We’re invited behind the curtain of aesthetics. I learn that this show is totally organic in its construction and largely collaborative. Although there are previous iterations, this event was produced in a single rehearsal and improvised live with at least one new person performing.

She asks, Are you allowing yourself to be seen? Felt?

There’s discussion of embracing otherness, othering ourselves for our own well-being. I scribe and slide to the edges of cognition, othered brain registering throbs of pain as migraine digs its spurs deep into peppermint-massaged temples. I fight myself to remain conscientious, coherent, considerate.

The conversation is ranging far beyond the “show,” and I consider that this, too, is performance. A performance of conversation, community, and care. I consider that movement contained the seed for these more interactive portions like our programs waiting to be soil-bound and watered. Seeds containing the full spectrum of life, bloom, and death within.

And, yet, it’s all very serious. I wonder: where are you, humor?

There are no spectators at a Greybox Collective show, only what Augusto Boal calls spect-actors. Today, I am a reluctant spect-actor wishing for a more passive role in the proceedings, and a laughter release. Pressure at the brain stem just keeps building.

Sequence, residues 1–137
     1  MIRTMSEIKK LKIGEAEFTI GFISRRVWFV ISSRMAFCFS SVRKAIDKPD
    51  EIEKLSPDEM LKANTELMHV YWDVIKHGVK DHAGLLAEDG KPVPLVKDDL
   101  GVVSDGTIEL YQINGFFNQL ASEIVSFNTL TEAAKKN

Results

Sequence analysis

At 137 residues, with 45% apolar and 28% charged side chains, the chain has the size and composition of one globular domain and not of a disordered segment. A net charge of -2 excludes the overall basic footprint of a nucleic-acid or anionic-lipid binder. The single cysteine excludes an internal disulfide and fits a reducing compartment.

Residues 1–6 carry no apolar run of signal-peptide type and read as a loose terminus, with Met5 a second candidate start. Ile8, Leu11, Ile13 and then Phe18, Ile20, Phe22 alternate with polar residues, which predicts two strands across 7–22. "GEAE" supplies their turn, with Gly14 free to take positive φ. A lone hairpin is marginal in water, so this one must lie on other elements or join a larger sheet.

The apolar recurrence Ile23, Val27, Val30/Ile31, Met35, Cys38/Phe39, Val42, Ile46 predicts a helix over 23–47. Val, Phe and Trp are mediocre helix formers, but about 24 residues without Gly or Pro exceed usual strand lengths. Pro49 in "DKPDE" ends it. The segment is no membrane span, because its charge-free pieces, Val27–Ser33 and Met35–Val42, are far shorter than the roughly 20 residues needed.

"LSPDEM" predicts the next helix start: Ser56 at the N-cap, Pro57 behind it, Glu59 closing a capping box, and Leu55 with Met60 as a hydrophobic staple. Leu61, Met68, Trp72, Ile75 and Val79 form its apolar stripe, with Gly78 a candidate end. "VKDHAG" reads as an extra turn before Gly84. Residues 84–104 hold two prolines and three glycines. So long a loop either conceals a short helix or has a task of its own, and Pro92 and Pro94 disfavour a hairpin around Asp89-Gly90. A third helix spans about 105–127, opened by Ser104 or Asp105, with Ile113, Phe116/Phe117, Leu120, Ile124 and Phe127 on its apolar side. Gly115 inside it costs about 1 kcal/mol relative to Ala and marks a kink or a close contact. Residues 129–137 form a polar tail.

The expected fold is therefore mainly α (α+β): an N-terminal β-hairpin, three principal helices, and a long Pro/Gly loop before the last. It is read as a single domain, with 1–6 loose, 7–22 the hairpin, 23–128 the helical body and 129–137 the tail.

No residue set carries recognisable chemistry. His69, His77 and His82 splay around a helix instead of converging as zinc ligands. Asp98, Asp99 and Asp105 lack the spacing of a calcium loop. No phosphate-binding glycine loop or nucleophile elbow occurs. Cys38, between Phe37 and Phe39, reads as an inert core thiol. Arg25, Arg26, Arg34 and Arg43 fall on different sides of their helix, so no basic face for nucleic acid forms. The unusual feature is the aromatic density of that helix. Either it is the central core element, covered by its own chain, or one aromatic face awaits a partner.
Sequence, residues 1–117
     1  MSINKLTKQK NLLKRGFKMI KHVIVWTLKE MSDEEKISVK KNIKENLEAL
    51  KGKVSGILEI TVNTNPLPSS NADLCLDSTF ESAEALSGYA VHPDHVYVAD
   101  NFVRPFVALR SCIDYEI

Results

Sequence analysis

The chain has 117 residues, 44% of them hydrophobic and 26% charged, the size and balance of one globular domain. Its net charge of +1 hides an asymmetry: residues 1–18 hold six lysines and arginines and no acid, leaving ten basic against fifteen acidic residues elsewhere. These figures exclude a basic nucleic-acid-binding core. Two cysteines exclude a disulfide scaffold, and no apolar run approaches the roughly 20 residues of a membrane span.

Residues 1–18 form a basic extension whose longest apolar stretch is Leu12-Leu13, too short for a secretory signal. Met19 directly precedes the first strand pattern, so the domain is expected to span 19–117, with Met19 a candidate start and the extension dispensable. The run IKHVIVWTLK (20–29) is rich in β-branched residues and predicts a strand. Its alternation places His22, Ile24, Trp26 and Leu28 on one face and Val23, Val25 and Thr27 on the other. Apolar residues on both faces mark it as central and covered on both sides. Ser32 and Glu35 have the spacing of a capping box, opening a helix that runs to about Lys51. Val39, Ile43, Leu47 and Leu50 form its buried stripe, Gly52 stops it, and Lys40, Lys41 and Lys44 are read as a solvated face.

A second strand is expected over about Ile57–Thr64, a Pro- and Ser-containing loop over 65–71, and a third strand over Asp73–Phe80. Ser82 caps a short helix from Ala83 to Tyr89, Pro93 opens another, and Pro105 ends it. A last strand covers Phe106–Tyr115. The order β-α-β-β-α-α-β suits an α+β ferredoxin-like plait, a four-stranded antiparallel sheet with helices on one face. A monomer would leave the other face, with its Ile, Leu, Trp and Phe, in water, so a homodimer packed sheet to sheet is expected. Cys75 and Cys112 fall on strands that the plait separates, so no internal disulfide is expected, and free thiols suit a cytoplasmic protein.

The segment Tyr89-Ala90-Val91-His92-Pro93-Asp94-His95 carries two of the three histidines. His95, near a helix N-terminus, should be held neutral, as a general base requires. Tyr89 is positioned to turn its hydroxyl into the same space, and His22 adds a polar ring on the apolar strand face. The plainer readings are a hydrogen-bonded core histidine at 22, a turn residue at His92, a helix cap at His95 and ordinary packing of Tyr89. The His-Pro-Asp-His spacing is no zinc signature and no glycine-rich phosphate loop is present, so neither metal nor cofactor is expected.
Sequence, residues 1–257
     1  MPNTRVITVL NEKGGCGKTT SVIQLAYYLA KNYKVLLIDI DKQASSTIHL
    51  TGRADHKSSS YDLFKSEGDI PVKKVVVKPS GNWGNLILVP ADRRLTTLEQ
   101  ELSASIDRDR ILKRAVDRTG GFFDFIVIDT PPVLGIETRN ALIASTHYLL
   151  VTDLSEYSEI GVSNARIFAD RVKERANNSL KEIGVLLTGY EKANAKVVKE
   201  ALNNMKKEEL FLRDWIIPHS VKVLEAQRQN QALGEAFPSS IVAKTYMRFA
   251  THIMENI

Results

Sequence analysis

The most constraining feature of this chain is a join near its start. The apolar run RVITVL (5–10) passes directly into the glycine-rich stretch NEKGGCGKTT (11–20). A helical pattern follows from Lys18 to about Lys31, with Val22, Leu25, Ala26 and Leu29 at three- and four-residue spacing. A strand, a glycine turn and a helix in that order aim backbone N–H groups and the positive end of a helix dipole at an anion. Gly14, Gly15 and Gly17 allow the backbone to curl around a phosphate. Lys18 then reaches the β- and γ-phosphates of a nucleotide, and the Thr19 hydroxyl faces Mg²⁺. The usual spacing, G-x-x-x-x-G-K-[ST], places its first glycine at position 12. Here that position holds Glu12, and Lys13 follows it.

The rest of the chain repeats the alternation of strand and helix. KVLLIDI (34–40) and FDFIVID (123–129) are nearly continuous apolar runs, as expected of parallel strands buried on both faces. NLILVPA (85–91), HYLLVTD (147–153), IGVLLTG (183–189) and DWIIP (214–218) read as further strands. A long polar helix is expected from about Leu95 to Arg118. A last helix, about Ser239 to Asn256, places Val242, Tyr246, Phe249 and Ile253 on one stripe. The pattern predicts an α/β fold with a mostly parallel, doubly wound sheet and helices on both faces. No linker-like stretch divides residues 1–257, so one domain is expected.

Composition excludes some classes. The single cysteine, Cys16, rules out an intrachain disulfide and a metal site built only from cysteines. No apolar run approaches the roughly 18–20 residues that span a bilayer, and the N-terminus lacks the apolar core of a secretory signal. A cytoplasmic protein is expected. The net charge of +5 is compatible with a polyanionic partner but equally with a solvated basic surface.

3,2,1 done!

Everyone is released as a class might be for recess. A low din of conversation continues. The collection of creators and attendees descend on the ample snack table, social gathering as extension of the performance.

The quality of the room has shifted considerably in the course of this work. Once strangers to one another the audience and creators now visit, cajoling like family.


Blessed Hannah approaches me and asks after my experience of the evening. Stringing words together is a struggle. I want to convey my gratitude, or at least, something intelligible and kind.

I othered myself by this open window in a gesture of self-preservation that didn’t work. Or, did my body other me? I experience a refusal, the urge to vomit, with nowhere to do it.

My somatic experience throbs video killed the radio star and bell hooks misheard. I wonder if I’ll need help getting the few miles home. I am too stubborn to ask for it. Another othering to become aware of.

Perhaps tomorrow I will allow myself to be seen and felt. Perhaps then my body will enjoy symbiosis instead of neurological warfare. I wonder at the diplomacy of cells and the healing power of choreography.

All Photos are courtesy of James Olguin Photography. @jamesolguinphoto on Instagram.

For more on Greybox Collective’s mission and ongoing work, visit them online.


Ada McCartney is a poet, performer, and teaching artist. McCartney is the author of Cunt. She hosts Poetry Theatre and other podcasts with the Femme On Collective. Connect @



Ada McCartney
Wisdom Body Collective

Poet | Cat Lover | Kalamazoo College and Naropa University Alum | Long Live the USPS